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  1. Phifty2
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    Phifty2 Member

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    I realized I often leave my protagonist unnamed.

    Discussion in 'Character Development' started by Phifty2, May 8, 2009.

    Since I usually write in the first person (I walked down the stairs.) instead of the third (Bill walked down the stairs.) I find that well into the story I never even got around to revealing my main characters name. I don't mind this though and it gives an everyman feel to the character that I like.

    Does anyone else do this?
     
  2. Phifty2
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    Phifty2 Member

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    He used XXXX right? I don't mean having a substitute for a name I mean not even bringing it up, like in Fight Club.
     
  3. Rei
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    Rei Contributing Member Contributor

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    It can be done, though I wouldn't recommend it unless you've got a very strong first-person voice. I once read a book that didn't provice the narrator's name until somewhere around page 70. Didn't phase me at all not to know his name before because the voice was so good. Then again, intros and stuff like that, that would have the narrator saying their own name, can be kind of annoying. If the name doesn't come up in dialogue in a realistic way, then it doesn't come up.
     
  4. Phifty2
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    Phifty2 Member

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    It's easy in my current project because the protagonist is stck in a desrted town where the populice has dissapeared(through sinister forces of course although he and the reader still have no idea what happened yet) so there is no interation with other characters. Plus, the reader is not quite sure who the narrator is and he's an unreliable narrator. This will change and maybe I'll give him a name but for now I like the anonimity of not knowing exactly who it is telling the story.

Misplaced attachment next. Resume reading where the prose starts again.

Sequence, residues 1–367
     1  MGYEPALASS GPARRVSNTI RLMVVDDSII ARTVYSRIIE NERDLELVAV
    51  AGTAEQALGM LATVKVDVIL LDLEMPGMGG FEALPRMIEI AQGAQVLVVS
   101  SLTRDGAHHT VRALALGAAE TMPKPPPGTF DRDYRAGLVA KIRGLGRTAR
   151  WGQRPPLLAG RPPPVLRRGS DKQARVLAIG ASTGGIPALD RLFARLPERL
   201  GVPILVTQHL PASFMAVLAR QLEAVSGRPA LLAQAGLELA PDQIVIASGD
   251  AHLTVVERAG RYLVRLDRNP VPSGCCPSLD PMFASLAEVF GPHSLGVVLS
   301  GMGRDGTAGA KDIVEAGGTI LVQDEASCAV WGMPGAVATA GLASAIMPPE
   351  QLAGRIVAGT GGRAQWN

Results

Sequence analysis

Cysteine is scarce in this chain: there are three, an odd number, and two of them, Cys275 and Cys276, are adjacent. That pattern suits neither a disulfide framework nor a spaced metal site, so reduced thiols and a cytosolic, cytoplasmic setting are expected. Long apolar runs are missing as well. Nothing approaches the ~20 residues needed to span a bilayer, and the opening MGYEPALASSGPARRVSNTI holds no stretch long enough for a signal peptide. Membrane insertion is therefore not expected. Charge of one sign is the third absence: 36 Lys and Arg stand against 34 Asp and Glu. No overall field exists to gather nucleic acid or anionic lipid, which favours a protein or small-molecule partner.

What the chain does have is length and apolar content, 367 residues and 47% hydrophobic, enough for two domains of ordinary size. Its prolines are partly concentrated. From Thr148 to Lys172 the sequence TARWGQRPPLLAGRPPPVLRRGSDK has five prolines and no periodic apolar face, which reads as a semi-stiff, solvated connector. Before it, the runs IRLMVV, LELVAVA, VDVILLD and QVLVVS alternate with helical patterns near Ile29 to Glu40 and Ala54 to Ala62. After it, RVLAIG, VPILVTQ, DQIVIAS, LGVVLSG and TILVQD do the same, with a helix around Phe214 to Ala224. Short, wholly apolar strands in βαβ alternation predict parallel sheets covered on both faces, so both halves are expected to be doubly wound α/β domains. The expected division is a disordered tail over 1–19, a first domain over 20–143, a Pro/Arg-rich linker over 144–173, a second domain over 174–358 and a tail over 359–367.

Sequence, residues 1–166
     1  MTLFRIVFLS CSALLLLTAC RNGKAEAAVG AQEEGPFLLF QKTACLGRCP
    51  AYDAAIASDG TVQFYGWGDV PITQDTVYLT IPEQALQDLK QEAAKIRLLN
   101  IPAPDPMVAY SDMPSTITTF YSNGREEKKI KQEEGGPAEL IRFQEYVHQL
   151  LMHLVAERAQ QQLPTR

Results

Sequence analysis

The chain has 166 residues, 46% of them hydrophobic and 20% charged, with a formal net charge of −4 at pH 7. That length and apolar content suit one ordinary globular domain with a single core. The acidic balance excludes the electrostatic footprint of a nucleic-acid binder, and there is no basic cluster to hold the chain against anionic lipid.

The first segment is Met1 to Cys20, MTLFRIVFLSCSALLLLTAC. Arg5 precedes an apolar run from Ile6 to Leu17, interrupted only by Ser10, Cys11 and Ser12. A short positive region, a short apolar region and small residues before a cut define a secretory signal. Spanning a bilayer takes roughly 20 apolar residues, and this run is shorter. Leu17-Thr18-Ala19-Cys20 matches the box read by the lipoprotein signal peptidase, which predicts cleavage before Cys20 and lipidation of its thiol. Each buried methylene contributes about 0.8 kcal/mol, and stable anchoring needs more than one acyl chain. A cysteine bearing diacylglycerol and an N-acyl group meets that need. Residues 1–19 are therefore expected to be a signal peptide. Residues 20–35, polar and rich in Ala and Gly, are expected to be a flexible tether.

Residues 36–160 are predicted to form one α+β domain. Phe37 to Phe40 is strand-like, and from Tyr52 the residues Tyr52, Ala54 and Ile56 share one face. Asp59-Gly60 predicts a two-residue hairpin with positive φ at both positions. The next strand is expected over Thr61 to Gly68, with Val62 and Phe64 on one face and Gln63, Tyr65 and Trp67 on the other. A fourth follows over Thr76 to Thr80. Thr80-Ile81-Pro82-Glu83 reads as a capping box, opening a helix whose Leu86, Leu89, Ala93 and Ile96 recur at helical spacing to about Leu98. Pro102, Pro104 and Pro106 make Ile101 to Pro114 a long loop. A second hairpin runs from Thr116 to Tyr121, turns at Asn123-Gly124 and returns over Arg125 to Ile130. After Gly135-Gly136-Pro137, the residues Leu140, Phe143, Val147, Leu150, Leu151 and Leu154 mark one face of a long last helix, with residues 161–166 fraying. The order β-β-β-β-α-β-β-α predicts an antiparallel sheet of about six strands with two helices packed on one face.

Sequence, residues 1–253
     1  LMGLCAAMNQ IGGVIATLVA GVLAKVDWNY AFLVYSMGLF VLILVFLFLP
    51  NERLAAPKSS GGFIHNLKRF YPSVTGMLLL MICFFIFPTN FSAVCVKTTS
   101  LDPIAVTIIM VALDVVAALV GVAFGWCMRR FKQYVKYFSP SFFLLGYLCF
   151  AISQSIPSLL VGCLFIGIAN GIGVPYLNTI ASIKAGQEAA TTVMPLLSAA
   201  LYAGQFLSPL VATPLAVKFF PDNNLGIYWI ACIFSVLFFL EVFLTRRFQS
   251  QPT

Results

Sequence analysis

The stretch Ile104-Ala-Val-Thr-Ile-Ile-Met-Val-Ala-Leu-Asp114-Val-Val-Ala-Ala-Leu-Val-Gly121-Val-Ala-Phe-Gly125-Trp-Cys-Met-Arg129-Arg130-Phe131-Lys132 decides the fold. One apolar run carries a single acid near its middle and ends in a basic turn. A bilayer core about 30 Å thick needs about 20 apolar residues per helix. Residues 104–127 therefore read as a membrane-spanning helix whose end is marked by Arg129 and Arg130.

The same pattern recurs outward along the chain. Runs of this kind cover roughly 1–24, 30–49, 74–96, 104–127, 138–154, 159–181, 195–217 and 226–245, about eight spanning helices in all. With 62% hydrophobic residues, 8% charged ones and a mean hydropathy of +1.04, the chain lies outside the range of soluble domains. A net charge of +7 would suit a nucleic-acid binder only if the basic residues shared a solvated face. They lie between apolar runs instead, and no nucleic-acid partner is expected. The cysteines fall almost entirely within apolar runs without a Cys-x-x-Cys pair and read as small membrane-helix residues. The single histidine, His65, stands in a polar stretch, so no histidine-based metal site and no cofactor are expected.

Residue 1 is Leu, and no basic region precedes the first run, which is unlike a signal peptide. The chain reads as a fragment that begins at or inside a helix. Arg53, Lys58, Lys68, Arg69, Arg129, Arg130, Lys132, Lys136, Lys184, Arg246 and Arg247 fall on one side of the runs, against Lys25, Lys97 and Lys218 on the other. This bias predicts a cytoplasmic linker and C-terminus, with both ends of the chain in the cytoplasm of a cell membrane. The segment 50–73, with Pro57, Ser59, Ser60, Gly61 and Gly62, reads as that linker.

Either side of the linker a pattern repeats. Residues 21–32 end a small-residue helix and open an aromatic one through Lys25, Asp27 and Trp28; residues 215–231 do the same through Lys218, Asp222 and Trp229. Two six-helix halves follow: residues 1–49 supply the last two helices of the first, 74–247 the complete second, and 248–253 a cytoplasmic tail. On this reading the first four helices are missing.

5. TwinPanther13
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    TwinPanther13 Contributing Member

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    I like the idea. I never walk around saying Jay wants a drink I say I. So if it does not come up naturaly let it be
     
  6. Mercurial
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    Mercurial Contributing Member Contributor

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    Not usually, but Invisible Man by Ralph Ellison worked much better that way, since it was all about identity (or his lack thereof). It works sometimes; depends on the context. If you're without context, I imagine most people like a name.
    Sometimes I make sure people who have a bad or negligible relationship with my protagonist dont have names; it emphasizes my point sometimes.

    What's in a name... :)
     
  7. arron89
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    arron89 Banned

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    Qho's afriad of Virginia Woolf? by Albee left two of the main characters unnamed (one was referred to in the script as Nick, but the name is never revelead to the audience, and the other is named Honey, but this is often used as an affectionate pet name).So yeah, it can work. Its not a big deal anyway, just adds immersion in first person.
     
  8. Acglaphotis
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    Acglaphotis Contributing Member

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    Fight Club, anyone?
     
  9. Phifty2
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    I mentioned Fight Club. There was a reason he was unnamed in that. You couldn't have the big revel of him being Tyler if all through the book people were calling him Jack.
     
  10. Okie
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    I do that sometimes, just to see the look on peoples faces. It goes along with the talking to myself, and outbursts of random laughter I'm also prone to.